As the setting sun painted the mountain crimson, the survivors poured into camp bearing their tale.

“They came out of the desert without warning,” Joshua reported to Moses. “Our people, the weakest of them, had no chance.” His jaw muscles bunched and twitched. “Many have been taken captive.”

“Choose us out men, and go out, fight with Amalek tomorrow,” Moses said. “I will stand on the top of the hill with the rod of God in mine hand.”

“If Jehovah give strength to my arm, I will recover our captives.”




God Is My Banner

But it was not the strength of Joshua’s arm upon which the battle hung, Moses realized as he stood on Mt. Horeb the next day. As the conflict seethed below, he could discern a definite pattern to the ebb and flow of the battle. Whenever he raised the rod of God, Israel’s warriors surged forward, driving back the desert horsemen. But when his arms grew weary and began to fall Amalek would countercharge, smashing into Israel’s ranks and threatening rout.

Again Moses forced his arms heavenward, determined to keep them aloft until his people had victory. Sweat beaded on his forehead. The rod seemed to take on incredible weight. His arms were shaking. Burning. Dropping. He shot an agonized look at his two companions, Aaron and Hur. His arms were falling once again, and so were his people. He locked his shoulders, but still his arms felt like lead weights.

“How, I know not,” he said to Aaron and Hur, “but when my hands are high we prevail, and when they fall we fall.”

In a moment, his brother and Hur were wrestling a stone close to the cliff’s edge and urging him to sit. Then they took up station, one on his right, the other on his left, and interlaced their fingers beneath his elbows.

Moses nearly wept with the relief to his screaming muscles, but all the more to his troubled mind. No longer would he have to bear the burden alone.

As the sun reached its zenith and then began to fall, the three men – two standing, one sitting with arms raised – created a dramatic tableau on the mountainside. Through the dust of battle in the valley, the warriors of Israel lifted their eyes from time to time to the sight above and fought all the harder for their brothers beside them and the God whose rod Moses held, and whose streams still cascaded in a waterfall to pool below. Slowly, inexorably, they pushed back the Amalekites, and as the sun fell below the horizon, the raiders turned and fled into the desert.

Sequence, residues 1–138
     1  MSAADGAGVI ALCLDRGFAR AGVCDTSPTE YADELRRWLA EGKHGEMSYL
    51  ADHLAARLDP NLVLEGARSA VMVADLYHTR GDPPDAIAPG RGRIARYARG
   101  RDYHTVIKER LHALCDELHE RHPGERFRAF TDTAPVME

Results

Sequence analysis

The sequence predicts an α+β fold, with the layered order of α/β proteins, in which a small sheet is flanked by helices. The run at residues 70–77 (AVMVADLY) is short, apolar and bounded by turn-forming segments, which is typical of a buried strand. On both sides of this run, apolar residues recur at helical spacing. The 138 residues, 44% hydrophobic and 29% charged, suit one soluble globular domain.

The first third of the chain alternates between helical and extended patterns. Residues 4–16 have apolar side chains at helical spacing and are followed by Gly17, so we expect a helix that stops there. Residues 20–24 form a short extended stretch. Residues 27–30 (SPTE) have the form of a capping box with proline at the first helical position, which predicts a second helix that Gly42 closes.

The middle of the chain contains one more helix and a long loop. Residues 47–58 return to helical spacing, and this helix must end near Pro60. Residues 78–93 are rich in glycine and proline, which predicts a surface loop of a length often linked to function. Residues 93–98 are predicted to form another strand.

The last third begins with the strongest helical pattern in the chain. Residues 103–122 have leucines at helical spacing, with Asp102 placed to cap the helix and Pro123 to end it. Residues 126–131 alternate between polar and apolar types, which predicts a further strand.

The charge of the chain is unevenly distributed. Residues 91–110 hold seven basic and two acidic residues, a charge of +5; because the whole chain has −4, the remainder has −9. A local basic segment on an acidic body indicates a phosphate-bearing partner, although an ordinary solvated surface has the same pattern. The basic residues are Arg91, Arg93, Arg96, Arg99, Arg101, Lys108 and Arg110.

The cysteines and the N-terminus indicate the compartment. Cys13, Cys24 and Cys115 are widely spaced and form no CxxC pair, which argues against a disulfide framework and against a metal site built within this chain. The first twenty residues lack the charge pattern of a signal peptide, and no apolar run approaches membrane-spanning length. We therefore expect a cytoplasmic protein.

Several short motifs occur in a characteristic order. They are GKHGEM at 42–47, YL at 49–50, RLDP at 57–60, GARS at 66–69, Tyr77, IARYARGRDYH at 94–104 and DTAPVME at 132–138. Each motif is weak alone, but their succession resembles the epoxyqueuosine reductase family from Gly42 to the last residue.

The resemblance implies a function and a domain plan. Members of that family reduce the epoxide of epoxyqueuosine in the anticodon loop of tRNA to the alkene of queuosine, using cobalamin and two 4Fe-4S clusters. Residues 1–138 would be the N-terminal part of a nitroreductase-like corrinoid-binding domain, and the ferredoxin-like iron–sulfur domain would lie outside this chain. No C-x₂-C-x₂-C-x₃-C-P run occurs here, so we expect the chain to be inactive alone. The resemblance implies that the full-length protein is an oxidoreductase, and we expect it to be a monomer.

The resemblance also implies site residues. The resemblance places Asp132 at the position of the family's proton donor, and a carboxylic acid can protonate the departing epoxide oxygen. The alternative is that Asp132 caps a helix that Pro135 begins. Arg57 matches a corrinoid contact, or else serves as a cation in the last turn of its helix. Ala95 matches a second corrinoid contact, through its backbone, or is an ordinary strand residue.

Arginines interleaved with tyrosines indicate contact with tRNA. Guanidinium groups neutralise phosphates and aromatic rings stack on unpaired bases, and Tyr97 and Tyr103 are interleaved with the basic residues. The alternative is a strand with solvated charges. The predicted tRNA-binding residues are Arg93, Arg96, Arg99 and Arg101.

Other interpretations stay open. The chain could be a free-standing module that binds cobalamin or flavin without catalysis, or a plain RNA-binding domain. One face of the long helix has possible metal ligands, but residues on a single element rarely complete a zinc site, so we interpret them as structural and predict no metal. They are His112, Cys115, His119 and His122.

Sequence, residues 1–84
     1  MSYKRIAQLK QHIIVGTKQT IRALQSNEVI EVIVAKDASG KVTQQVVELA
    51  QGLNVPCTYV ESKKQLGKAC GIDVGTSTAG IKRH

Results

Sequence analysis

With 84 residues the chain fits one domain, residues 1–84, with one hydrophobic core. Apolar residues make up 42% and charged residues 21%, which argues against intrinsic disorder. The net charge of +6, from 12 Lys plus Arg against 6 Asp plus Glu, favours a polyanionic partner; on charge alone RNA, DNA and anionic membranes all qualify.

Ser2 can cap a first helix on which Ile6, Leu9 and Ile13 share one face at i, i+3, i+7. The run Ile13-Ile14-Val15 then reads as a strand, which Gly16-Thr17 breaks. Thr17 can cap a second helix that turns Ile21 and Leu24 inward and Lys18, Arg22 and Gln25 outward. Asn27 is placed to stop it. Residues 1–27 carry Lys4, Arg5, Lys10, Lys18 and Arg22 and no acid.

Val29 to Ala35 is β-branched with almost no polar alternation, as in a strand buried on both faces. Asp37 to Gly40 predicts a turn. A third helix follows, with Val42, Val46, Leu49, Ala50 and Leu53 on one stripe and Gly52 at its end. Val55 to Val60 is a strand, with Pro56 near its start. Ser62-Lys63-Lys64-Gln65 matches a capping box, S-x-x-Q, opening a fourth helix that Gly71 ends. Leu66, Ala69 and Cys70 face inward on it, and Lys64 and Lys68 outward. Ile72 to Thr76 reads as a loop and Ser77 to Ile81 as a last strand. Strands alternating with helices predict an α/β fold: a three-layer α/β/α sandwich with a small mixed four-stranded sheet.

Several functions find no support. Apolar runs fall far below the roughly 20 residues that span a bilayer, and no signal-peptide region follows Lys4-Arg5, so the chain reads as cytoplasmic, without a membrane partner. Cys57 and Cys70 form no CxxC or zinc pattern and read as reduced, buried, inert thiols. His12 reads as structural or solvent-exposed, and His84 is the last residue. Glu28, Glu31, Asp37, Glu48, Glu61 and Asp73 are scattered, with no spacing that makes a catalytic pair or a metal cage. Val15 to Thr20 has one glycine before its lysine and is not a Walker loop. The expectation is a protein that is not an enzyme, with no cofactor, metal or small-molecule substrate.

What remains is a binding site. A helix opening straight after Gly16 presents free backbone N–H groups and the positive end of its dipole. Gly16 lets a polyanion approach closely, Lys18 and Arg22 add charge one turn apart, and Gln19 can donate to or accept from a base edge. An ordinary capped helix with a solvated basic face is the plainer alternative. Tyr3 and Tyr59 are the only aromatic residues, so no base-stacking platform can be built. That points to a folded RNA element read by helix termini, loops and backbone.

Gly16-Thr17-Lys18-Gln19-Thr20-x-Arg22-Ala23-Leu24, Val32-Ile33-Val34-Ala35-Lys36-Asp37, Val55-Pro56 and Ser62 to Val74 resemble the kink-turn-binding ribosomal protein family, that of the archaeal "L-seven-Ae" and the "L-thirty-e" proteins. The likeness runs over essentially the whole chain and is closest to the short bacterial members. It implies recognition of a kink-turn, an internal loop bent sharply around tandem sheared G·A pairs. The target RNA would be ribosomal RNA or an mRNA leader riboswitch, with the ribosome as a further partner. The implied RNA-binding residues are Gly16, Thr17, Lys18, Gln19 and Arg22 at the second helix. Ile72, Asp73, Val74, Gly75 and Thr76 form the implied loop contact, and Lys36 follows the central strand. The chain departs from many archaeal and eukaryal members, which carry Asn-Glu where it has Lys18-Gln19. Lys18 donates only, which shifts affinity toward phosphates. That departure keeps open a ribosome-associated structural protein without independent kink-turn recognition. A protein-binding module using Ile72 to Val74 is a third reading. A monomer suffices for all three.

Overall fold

On the mountainside, Moses rose stiffly. His arms ached as he, Aaron, and Hur gathered more stones, adding them to the stone on which he had sat throughout the battle. An altar rose. When it was finished, Moses lifted his arms one last time and proclaimed its name, his shout reverberating down to the victors below.

“Jehovah-Nissi! God Is My Banner!”

Battle Debrief

God will never lead you to a place where He can’t provide for you.

God may lead you to place of testing, testing your trust and faith in Him. Instead, Israel tested God!

Surrounded by enemies, lift up your eyes to the Rock.

God brought them water out of the Rock that followed them, and that Rock was Christ. He is our source of sustenance.  If you need refreshing, look no further than Him!  If there was another water supply they would have looked to that, but with no other recourse they had to look to God.

Water from the Rock - Cross

Don’t be surprised if the site of your greatest blessing becomes the sight of your greatest battle.

This was Israel’s first battle where they had to fight themselves. Somewhere between the Red Sea and Rephidim this nation of ex-slaves had forged themselves some swords! God will fight for you, but He sometimes expect you to take up the Sword of the Spirit, which is the Word of God.

The Devil attacks the weakest and tries to drag them away. We have to go to war for them on our knees, and go out to win them back.

We need to lift up the hands of your leaders. No one can bear this burden alone.

We need to stand together to win the victory!

The battle was the Lord’s. With man is an arm of flesh, but with God is an arm of power. He is Jehovah-Nissi, God our banner.

Isaiah 59:19  So shall they fear the name of the Lord from the west, and His glory from the rising of the sun; when the enemy comes in like a flood, the Spirit of the Lord will lift up a standard against him.

Please share! Facebooktwitter Thanks for spreading the word!
Let's connect! Facebooktwitter Thanks for reaching out!

Surviving Haley – An Egg-Cerpt Exchange

Today it’s my pleasure to feature Brenda Baker’s Young Adult Christian novel Surviving Haley as part of the Egg-Cerpt Author Exchange.


Here’s a snapshot of the book.


What if your mistake is unforgivable?

Lauren Werthman struggles with guilt and depression. Even moving to another state and into a new home doesn’t help her overcome the life-altering aftermath EggscerptExchangeof losing her sister.

Memories of the tragic accident reverberate through her life as her family tries to cope, but Lauren’s life spirals out of control. Her mother criticizes her choices every day, her father continues to work later and later, and people at her new school seem to know the family secret. 

Lauren binge-eats, has nightmares, and doubts the existence of a God Who didn’t intervene to prevent the senseless tragedy.

As Lauren’s family and friends work through the pain and guilt, will they find that even though the void will always remain, the power of forgiveness brings peace and hope and a bright future, or will Lauren forever be lost to the pain and guilt?


Wondering what Brenda’s writing style sounds like?  Read on for a brief excerpt: